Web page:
This is an article from the Sept. 10, 2012 issue
ALEXANDRIA, VA. > LACROSSE
Jenkins, 61, who coaches at St. Stephen's & St. Agnes School, became the second girls' coach—high school or college—to reach 600 career wins, with a 15--2 victory over Holy Child last season. Never a player herself, she founded the girls' program in 1976 and has led the Saints to eight undefeated seasons and seven Virginia Independent Schools Athletic Association Division 1 state titles, including this year's (15--4 over Bishop Ireton). Jenkins finished the season with 608 wins.
GALLOWAY TOWNSHIP, N.J. > ROWING
Simons, 28, an assistant coach at Cedar Creek High (Egg Harbor City), returned just two weeks after being injured in a motorcycle accident and having his right leg amputated above the knee. Six weeks later he led the first-year Pirates program to first in girls' sculls and third in girls' doubles and novice four at the Atlantic County championships. A former Army Ranger, Simons was given straws by his rowers while he was hospitalized in recognition of his coaching mantra: Get a straw (and suck it up).
FORT LAUDERDALE > BASKETBALL
Pinder, 61, who surpassed 800 victories and led the Dillard High girls' team to its third straight Class 5A state title this year, was named the Women's Basketball Coaches Association national high school coach of the year. She became Florida's alltime winningest coach last year, for boys and girls, and has led the Panthers to seven state championships in her 36-year career. Pinder was inducted into the Florida Athletic Coaches Association Hall of Fame this summer.
WILLIAMSTOWN, MASS. > SWIMMING
Kuster, 42, a 13-year coach at Williams College, was named the national women's coach of the year for the third straight time at the Division III championships. He guided the Ephs to meet records in two relays and in three of seven individual wins for a second-place finish. Williams' men's and women's teams each won the NESCAC title, giving Kuster a combined 24 conference crowns. He still holds the 200-fly record at Penn, from which he graduated in 1993.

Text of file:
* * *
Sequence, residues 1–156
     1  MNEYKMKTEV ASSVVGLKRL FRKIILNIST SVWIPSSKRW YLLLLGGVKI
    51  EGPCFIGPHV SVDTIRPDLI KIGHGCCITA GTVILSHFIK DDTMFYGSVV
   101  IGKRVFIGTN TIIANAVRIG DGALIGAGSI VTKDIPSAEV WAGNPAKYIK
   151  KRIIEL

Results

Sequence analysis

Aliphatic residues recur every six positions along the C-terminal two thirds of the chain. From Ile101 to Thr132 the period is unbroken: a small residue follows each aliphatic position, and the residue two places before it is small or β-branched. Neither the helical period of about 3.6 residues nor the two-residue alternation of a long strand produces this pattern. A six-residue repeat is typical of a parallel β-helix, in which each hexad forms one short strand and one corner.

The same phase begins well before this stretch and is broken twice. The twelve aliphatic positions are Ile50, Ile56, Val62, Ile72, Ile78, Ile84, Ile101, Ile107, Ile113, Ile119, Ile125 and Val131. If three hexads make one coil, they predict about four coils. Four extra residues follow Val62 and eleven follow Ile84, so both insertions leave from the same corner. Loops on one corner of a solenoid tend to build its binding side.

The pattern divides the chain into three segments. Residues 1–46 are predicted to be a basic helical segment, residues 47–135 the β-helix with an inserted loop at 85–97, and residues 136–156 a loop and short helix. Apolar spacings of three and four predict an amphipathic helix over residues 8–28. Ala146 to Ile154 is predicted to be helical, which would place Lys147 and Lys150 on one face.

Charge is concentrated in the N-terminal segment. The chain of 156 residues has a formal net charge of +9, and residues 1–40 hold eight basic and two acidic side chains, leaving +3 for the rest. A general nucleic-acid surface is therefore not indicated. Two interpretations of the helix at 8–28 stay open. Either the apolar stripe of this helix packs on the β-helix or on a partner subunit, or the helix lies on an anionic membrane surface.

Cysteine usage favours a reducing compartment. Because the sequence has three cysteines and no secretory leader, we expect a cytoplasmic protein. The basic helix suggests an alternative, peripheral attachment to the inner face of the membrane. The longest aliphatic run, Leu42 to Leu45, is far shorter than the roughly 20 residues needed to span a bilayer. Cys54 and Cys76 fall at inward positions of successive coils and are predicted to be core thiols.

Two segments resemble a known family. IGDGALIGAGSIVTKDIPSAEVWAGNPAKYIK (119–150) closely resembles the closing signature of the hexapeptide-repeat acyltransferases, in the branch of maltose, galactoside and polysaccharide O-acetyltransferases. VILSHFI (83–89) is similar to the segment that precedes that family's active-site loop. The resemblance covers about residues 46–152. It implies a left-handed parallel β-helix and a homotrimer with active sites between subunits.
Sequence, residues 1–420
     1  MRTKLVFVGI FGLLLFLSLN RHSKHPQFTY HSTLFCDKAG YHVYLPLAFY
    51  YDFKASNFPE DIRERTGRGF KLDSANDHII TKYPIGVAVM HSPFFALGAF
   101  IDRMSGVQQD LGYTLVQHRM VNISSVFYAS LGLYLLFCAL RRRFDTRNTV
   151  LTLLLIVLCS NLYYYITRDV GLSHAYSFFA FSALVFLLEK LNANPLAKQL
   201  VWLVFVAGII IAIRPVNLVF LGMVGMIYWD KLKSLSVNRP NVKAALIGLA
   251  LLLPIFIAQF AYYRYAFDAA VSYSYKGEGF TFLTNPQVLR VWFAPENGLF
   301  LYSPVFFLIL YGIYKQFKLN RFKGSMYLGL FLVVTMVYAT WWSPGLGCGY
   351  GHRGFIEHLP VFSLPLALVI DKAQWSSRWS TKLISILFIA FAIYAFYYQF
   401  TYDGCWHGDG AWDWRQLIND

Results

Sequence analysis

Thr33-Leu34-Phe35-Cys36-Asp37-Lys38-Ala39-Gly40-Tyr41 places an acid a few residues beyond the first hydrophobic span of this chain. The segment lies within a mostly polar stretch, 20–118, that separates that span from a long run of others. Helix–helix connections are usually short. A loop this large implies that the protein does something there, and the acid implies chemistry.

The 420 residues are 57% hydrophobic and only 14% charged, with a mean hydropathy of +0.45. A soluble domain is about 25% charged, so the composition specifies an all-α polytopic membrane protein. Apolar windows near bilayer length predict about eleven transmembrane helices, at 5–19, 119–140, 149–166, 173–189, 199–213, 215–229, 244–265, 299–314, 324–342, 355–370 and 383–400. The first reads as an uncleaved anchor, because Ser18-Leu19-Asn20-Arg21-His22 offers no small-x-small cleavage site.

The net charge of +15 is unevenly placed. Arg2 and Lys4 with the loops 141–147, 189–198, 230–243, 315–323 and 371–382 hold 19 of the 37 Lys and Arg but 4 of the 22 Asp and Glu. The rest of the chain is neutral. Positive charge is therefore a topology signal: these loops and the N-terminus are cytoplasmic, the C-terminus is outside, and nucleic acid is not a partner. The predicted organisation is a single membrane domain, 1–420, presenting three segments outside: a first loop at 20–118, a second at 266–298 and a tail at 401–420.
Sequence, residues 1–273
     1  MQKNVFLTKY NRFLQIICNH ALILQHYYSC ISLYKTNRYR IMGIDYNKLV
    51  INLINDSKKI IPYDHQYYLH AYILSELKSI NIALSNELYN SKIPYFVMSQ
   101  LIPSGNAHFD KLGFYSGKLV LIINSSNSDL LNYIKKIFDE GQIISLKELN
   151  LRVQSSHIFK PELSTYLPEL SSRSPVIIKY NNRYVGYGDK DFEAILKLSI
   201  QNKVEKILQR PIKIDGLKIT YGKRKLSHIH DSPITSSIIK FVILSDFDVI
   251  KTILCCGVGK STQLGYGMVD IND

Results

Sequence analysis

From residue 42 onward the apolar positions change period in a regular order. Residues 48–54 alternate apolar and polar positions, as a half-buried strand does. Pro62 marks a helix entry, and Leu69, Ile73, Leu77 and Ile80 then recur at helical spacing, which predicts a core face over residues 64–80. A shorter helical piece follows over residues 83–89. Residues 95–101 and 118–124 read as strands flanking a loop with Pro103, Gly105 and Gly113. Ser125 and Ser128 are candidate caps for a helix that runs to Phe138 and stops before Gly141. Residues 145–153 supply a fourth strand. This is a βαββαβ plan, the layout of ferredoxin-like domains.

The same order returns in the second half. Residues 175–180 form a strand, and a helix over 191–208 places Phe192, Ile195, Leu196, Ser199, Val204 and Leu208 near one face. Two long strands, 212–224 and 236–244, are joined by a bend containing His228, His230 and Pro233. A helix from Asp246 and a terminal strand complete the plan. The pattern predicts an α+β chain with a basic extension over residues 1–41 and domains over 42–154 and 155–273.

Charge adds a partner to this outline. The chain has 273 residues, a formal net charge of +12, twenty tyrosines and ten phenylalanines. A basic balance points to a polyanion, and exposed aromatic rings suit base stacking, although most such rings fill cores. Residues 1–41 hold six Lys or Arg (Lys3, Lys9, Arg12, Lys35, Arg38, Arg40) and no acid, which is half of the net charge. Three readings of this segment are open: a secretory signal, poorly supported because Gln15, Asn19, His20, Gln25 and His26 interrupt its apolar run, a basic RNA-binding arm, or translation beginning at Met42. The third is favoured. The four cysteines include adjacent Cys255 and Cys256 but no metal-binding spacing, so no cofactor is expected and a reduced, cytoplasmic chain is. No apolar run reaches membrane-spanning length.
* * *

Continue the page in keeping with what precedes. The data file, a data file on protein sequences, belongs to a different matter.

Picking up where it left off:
STELLA SAMPRAS WEBSTER
EL SEGUNDO, CALIF. > TENNIS
Sampras Webster, 43, a 16-year coach at UCLA, guided the Bruins to their first Intercollegiate Tennis Association national indoor title with a 4--0 defeat over top-seeded Duke and was named the ITA Division I women's coach of the year. Her squad also held the No. 1 ranking for a school-record eight straight weeks and ended Stanford's 157-match home winning streak. Pete Sampras's older sister, she was a four-time All America at UCLA and coached the team to its first NCAA championship, in 2008.
CHRIS PUCKETT | CAMERON SHELLEY
SAN CLEMENTE, CALIF. > BASEBALL
When no other coach volunteered, Chris, 15, and Cameron, 14, took over a Little League junior division team of 12- to 14-year-olds (with Chris's dad, Gary, as team administrator), then led San Clemente American No. 2 to a district championship with a 10--9 victory over Viejo USC. As freshmen at San Clemente High this spring, the duo also helped the Tritons' freshman-sophomore team win its league title. Chris was named team MVP.
The statue honoring 42-year Brewers radio announcer Bob Uecker that was dedicated at Miller Park last Friday is almost as deadpan as the man himself. Uecker, 77, is well-known for making fun of his major league struggles: He hit just .200 in six seasons with three franchises from 1962 to '67—when asked about the home run he hit off Hall of Famer Sandy Koufax, the former catcher says, "I apologize to him every time I see him." The larger-than-life-sized bronze sculpture depicts Uecker in a sweater vest and a pair of slacks, with his hands in his pockets. Uecker would no doubt appreciate one tweeter's observation about the pose: "It looks like he's watching a statue being unveiled."
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